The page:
Apart from the financial and other costs to an accused individual, there are also the related costs of incarceration for local jurisdictions. For example, in Santa Clara County, it can cost up to $200 a day to jail an accused person pretrial. Alternative pretrial models, such as out-of-custody supervision or electronic monitoring cost an estimated $15 a day and $3 a day, respectively.
As we strive to ensure court appearances and protect the public, we must be prudent with local and state resources, and, above all, we must treat everyone fairly.
Bail has its origins in the Magna Carta, and the right to bail in most states is protected by constitution or statute. However, originally, money was not a consideration for unsecured bonds, or “sufficient sureties,” and profit or indemnification in the posting of the bond was not initially contemplated.
Nevertheless, our nation grew and expanded west, and as it did, secured bonds, the pledge of assets or the deposit of money became a principal condition of release. During the last century, public safety, the risk of flight, and certain categories of offenses led to a “preventive detention” pretrial model.
United States v. Salerno (1987) stated, “[i]n our society, liberty is the norm, and detention prior to trial or without trial is the carefully limited exception.” In limited circumstances, preventive detention did not violate either the Due Process Clause or the Excessive Bail Clause.
We must ensure, as much as we can, that any system of bail we put faith in achieves its goals, is fair, and is subject to periodic assessment.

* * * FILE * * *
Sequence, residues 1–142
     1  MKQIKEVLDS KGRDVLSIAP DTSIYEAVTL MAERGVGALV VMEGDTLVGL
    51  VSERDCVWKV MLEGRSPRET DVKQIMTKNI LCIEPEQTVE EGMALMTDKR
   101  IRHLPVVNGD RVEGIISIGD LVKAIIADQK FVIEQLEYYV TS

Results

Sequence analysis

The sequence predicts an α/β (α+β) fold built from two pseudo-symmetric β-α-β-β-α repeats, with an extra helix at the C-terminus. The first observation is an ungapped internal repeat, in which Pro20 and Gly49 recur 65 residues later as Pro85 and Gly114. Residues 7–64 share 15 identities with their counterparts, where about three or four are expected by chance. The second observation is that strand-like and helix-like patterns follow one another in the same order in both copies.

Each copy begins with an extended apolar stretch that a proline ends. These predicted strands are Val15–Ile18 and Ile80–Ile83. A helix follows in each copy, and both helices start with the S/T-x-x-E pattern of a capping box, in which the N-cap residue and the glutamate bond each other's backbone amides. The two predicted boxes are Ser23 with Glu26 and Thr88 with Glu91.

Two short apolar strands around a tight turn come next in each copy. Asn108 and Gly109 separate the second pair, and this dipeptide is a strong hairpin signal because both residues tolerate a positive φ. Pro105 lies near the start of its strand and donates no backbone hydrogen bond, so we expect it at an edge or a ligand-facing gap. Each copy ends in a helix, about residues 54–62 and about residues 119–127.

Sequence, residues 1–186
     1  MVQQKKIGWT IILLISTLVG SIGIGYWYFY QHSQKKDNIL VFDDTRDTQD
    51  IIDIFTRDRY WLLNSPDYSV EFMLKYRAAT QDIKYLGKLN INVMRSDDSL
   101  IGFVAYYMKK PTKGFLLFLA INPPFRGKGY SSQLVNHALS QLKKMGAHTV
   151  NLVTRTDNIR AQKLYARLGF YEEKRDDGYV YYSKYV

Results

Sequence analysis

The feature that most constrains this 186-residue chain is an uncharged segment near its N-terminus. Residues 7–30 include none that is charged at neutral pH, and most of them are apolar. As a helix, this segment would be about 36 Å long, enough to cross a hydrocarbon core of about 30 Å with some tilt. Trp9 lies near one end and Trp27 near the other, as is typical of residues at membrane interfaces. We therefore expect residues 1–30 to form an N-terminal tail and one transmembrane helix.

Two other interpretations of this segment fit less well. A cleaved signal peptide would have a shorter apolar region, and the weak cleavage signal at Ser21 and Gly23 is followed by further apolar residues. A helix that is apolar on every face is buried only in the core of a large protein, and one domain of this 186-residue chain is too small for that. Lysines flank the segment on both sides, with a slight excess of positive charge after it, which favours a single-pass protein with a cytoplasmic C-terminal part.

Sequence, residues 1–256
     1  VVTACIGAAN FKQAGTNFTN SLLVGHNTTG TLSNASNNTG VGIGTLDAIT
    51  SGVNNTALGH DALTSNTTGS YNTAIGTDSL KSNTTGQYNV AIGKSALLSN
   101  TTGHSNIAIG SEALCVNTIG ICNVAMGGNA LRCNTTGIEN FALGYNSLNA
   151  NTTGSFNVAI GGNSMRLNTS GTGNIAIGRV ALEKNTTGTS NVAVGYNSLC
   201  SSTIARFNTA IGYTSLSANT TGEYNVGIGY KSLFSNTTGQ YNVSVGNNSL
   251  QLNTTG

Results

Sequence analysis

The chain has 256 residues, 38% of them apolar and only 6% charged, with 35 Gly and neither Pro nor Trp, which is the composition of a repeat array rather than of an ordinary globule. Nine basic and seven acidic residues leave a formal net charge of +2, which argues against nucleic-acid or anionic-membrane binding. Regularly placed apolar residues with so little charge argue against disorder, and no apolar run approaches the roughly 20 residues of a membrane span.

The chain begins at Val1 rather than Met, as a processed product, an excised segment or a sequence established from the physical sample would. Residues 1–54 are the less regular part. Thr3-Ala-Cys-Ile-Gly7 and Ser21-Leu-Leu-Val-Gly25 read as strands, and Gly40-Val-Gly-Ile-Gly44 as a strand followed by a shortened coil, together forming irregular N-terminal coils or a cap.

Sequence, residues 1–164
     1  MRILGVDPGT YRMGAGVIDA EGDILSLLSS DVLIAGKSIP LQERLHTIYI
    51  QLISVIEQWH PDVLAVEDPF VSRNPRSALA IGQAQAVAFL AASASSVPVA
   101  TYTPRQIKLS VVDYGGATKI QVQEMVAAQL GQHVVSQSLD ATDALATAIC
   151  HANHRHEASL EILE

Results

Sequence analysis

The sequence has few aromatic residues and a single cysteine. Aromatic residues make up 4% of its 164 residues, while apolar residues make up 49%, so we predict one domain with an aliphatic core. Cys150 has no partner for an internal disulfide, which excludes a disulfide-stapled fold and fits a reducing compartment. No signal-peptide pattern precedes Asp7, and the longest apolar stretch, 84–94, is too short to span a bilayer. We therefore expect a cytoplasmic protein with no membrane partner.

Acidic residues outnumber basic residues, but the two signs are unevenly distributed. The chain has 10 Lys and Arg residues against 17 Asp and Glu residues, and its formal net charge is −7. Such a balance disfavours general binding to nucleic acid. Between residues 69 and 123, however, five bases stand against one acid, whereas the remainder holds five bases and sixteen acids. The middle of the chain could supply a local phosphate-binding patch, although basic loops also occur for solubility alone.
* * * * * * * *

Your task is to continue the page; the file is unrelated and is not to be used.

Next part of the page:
Even sureties cannot guarantee attendance, but the current bail system has morphed over time into a practice with questionable results and impacts that warrant an objective analysis.
Our system of government with its checks and balances is designed to encourage positive working relationships among the sister branches of government that brings about needed change for the public. In California, I have served as a convener, connector, and collaborator with Governor Brown and legislative leadership to address issues of statewide concern, like bail reform.
And, through the Commission I appointed to prepare a report and make recommendations on the Future of California’s Court System, I have been able to provide my colleagues in the Executive and Legislative Branches with recommendations for action. It was an appropriate public/government relationship that worked to the benefit of all Californians. And I look forward to working with Governor Brown, Senator Hertzberg, Assemblymember Bonta, and others during this next legislative session on bail reform efforts.
My peers on the Conference of Chief Justices and leaders from the Conference of State Court Administrators formed a National Task Force on Fines, Fees and Bail Practices to address the ongoing impact that legal financial obligations have on economically disadvantaged communities. The justice system should not inadvertently penalize the poor.
Ongoing self-assessment and reengineering are positive activities for government entities as stewards of public funds.
The current money bail system relies on the financial resources of the accused regardless of whether or not the person poses a significant risk to the victim and to public safety.
As Chief Justice, it is my administrative responsibility to engage in civil discourse, to research, to listen, and to speak on issues affecting equal access to justice for all. In the words of Dr. Martin Luther King, Jr., as he sat in a Birmingham jail, “Injustice anywhere is a threat to justice everywhere. We are caught in a network of inescapable mutuality. We are tied in a single garment of destiny. Whatever affects one directly, affects all indirectly.”